“So what exactly is Uber doing with all that money? … Uber has to finance an all-out war to gain market share in China and India. But there is more to it than that: Uber’s money-grab is seemingly part of an unspoken strategy to mark its territory. Every time Uber raises another $1 billion, venture capital investors and others may find it less attractive to back one of Uber’s many rivals: Didi Chuxing, Lyft, Gett, Halo, Juno”

MORE RUMBLINGS OF A TRUMP COUP — WPs Ed O’Keefe: “A campaign to stop Donald Trump from becoming the Republican presidential nominee has the support of nearly 400 delegates to the GOP’s convention next month, according to organizers, quickly transforming what began as an idea tossed around on social media into a force that could derail a national campaign. … While organizers concede their plan could worsen internal party strife, they believe they are responding to deep-rooted concerns among conservatives about Trump, who is suffering from declining poll numbers after weeks of missteps and embarrassing headlines.

“‘Short-term, yes, there’s going to be chaos,’ said Kendal Unruh, a co-founder of the group, Free the Delegates. ‘Long-term this saves the party and we win the election.’ … Unruh, of Colorado, said her cause is winning support from ‘the non-rabble rousers. The rule-following, churchgoing grandmas who aren’t out protesting in the streets. This is the way they push back.’”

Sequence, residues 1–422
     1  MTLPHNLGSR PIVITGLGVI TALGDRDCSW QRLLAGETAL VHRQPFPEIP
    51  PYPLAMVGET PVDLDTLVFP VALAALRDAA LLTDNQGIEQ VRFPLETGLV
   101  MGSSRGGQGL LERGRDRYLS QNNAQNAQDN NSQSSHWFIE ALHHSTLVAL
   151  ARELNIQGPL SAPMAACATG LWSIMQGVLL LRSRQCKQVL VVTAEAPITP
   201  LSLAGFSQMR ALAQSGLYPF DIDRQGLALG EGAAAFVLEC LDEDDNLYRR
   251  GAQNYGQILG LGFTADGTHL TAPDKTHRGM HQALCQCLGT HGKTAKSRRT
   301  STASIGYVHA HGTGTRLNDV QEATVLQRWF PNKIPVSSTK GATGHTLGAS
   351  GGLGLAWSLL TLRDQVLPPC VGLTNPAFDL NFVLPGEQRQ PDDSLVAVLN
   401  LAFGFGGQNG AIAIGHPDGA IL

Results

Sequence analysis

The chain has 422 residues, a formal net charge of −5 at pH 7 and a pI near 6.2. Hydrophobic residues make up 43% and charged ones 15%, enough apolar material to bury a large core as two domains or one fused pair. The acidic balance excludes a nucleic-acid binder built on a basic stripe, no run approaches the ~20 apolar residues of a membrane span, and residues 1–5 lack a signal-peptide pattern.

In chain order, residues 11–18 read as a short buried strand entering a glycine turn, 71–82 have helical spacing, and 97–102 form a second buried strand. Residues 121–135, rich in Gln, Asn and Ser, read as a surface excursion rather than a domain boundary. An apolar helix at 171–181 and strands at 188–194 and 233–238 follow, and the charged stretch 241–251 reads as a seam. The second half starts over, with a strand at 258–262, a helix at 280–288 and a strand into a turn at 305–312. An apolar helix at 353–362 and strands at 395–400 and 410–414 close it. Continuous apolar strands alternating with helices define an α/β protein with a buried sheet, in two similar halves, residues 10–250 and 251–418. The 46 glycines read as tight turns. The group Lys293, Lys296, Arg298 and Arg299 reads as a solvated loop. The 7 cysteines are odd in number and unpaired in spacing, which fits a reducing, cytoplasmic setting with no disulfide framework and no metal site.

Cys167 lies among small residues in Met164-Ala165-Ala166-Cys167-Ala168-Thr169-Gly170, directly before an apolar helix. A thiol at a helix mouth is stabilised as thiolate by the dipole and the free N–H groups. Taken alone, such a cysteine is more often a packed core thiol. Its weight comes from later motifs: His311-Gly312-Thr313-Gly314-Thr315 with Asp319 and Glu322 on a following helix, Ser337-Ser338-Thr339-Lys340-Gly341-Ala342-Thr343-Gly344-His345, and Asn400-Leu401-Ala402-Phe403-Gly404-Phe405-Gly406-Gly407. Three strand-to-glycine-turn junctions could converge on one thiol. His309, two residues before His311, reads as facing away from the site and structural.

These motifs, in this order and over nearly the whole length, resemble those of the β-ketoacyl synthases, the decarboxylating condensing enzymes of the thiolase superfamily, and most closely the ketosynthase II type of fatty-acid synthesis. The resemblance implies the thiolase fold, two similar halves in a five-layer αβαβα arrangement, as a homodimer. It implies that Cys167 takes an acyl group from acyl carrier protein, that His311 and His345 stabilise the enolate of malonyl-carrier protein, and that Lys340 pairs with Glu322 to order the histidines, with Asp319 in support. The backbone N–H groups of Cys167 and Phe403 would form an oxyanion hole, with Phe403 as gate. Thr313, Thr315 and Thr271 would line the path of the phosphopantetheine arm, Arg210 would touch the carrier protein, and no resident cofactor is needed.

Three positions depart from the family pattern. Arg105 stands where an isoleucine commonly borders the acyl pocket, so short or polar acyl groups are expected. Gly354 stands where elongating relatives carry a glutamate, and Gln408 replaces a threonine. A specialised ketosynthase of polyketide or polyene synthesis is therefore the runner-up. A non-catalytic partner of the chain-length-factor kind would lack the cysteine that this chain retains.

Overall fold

MM SIDE NOTE — Does this mean we might NOT have to eat a bag of rusty nails (which we promised to do if Trump got the nomination)?

CLINTON ECON SPEECH PREP — POLITICO’s Gabriel Debenedetti: “Broadly speaking, polls show Americans think that Donald Trump would be a pretty solid steward of the economy. Hillary Clinton is planning to light that notion on fire. In a strike at the presumptive GOP nominee at one of the most politically vulnerable points of his campaign, Clinton is set Tuesday to use Trump’s public policy pronouncements and private business record to paint him as too dangerous to oversee the American economy.

“The address here in Ohio’s capital is intended to serve as a sequel to her early June anti-Trump speech on national security. The Clinton campaign is hoping it will garner the kind of glowing reaction from Democrats that greeted the former secretary of state after the San Diego speech that was widely seen as kicking off the strongest stretch of her campaign — and sparking a broader questioning of Trump’s credentials for the White House”